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Exchange Bank leads effort for understanding, action on growing problem

“We don’t intend to merely participate in discussions and follow the trend of talking about issues. We want to move this issue to a more positive platform.”  --Bill Schrader

It was a veritable "Who's Who" of Sonoma County at Exchange Bank's recent lunchtime forum entitled "The Anatomy of Gangs."

Leaders of the community gathered to listen to a panel on gangs, their influence in Sonoma County and the importance of leaders of their caliber to take on this serious community issue.

Gail Ahlas, superintendent of the Roseland Unified School District; Robert Benavides Jr., Ed.D., of Professional Psychology Corp.; David Florez, former gang member; Robert Florez, program director of Sunny Hills Services; and Sgt. Ray Navarro of the Santa Rosa Police Department spoke to 175 people about the devastation as well as possible answers to the growing issue of gangs.

There are roughly 3,000 registered gang members in Sonoma County, said Sgt. Navarro. They are comprised of mostly Latino gangs, but there are a number of others including Asian, white supremacist, woman-led gangs and more. He discussed the efforts of police enforcement as well as drug-related crimes taking place not just in known gang areas, but increasingly in other areas as gangs are becoming more mobile.

Dr. Benavides works with gang members and their children to try to come up with constructive ways of dealing with some of the issues of being in one and keeping the younger generation out.

The main point Dr. Benavides made was that everyone gathered in the room was a successful professional and there were moments in their lives when they were given a choice and an opportunity. That is much the same in that kids that end up in gangs are given a choice and an opportunity – just a different kind of choice and a different kind of opportunity.

He encouraged the audience members to find ways they can provide opportunities and choices to young people that would possibly otherwise end up in gangs.

Bill Schrader, president and chief executive officer of Exchange Bank, mentioned time, talent and treasury as the three things that we as a community can give to combat this problem.

Then he brought up David Florez, a former gang member who talked candidly about his experience in gangs, his imprisonment, his experience in prison gangs and his eventual escape from that life. He cited his mother’s sickness and turning to prayer as his means to getting out of gangs.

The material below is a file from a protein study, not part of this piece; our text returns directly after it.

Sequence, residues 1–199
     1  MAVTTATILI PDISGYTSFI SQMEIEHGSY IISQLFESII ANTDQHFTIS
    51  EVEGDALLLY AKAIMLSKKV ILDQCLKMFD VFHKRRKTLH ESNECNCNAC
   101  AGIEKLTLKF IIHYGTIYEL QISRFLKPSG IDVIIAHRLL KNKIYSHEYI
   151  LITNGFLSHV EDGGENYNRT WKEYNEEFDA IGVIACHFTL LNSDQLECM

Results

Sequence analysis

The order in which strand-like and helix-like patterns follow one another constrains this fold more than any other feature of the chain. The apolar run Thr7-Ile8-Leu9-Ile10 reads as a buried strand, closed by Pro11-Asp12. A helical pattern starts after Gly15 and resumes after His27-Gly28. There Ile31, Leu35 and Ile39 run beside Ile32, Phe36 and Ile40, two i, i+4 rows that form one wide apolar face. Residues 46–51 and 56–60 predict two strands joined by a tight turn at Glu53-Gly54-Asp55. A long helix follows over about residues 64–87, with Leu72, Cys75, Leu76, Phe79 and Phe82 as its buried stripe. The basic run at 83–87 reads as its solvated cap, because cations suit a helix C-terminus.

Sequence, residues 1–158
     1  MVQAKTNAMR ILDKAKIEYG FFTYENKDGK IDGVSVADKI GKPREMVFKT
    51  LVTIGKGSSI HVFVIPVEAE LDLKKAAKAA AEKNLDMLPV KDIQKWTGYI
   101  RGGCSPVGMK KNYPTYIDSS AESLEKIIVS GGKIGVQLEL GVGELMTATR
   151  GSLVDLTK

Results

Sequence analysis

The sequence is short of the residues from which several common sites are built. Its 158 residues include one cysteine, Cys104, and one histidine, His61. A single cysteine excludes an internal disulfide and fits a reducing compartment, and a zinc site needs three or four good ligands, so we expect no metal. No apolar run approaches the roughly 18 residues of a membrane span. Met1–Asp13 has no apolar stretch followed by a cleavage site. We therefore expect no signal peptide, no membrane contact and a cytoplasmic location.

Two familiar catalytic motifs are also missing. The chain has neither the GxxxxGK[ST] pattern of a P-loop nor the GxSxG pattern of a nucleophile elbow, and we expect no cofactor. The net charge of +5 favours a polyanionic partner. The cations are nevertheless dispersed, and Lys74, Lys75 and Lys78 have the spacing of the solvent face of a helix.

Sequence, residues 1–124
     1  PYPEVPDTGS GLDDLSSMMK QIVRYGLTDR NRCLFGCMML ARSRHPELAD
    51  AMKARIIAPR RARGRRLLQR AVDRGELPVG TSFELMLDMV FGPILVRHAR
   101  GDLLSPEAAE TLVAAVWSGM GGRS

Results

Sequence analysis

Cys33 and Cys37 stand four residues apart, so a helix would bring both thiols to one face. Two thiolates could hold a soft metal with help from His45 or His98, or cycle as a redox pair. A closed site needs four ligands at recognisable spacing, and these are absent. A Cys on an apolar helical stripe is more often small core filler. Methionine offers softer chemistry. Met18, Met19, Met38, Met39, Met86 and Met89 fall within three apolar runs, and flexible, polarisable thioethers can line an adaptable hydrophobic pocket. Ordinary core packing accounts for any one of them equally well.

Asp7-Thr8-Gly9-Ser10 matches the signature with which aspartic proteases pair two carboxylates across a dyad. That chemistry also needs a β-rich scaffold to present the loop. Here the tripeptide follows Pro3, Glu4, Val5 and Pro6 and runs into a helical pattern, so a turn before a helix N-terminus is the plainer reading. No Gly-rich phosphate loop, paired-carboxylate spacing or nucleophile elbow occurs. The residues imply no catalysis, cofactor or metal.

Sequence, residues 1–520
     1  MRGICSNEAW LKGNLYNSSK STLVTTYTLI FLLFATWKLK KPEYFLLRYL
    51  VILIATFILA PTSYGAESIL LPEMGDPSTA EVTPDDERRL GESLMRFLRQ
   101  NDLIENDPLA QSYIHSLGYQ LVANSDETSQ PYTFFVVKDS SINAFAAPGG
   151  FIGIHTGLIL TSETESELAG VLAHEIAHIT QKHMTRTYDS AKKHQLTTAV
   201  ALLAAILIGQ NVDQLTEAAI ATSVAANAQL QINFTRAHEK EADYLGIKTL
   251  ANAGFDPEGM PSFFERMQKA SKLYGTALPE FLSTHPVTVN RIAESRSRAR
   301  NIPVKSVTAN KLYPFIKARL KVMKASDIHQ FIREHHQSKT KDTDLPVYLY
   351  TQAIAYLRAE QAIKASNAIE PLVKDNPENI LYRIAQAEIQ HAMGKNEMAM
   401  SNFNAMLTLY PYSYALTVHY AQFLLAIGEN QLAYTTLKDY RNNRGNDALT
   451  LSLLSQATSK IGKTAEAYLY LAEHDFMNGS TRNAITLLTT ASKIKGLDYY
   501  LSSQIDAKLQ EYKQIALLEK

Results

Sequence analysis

“No man can serve two masters,” he said. He said after performing prison gang “hits” he would go back to his cell and pray that his mother would make it through her illness. One day, he recognized it was hypocritical to perform a prison hit and then pray for something in his life.

He has dedicated his life to helping others get out of gangs as did two other panelists.

One area of focus is education, and the idea that if you give a child hope and show them that through hard work they can accomplish something, they are less likely to turn to gang life. Mr. Florez and Dr. Benavides noted that youth get the feeling of family and respect in a gang they might not find elsewhere.

Ms. Ahlas spoke about Roseland University Prep, a charter school in the Roseland district helping students reach their goals of college, trade school and certificate programs.

One of the ways she said members of the audience could help is to provide mentoring and internship possibilities to the bright and eager-to-learn students graduating from the school.

Robert Florez is the program director of Sunny Hills Services, and he talked about his program as well and how to get involved. It takes youth that are identified as gang members out on wilderness trips – for many the first time they have seen snow, rafted and camped.

Mr. Schrader said the forum was as much a call to action as it was an education.

“We don’t intend to merely participate in discussions and follow the trend of talking about issues. We want to lead discussions and produce change. We take being a leader as a responsibility. We don’t offer the notion that we are an expert on the subjects. We want to move this issue to a more positive platform.”

The message of the event was, “What can we do to better integrate all parts of our community to create a healthy environment for all?”

It is to the credit of Exchange Bank, the panelists and the steering committee to bring this issue before the exact people who can help make a difference, the community leaders, educators and elected officials.

The steering committee was comprised of Dr. Robert Agrella, Gail Ahlas, Dr. Ruben Armiñana, William Arnone, Ellen Jones Bauer, Dr. Robert Benavides Jr., Marcus Benedetti, Brad Bollinger, Carl Campbell, Supervisor Efren Carrillo, Don Chigazola, Walter Collins, Robert Florez, Nick Frey, Barry Friedman, Pete Golis, Mayor Susan Gorin, Judy House, Roy Hurd, Pat Kilkenny,  City Councilman Ernesto Olivares, Bill Reinking, Rita Scardaci, Willie Tamayo, Jamie Thistlethwaite, Vic Trione, Gerald Villareal, Tim Wallace, Larry Wasem, County Superintendent of Schools Carl Wong and Supervisor Shirlee Zane.

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Jenna Loceff is a Business Journal staff writer, jloceff@busjrnl.com, 707-521-4259.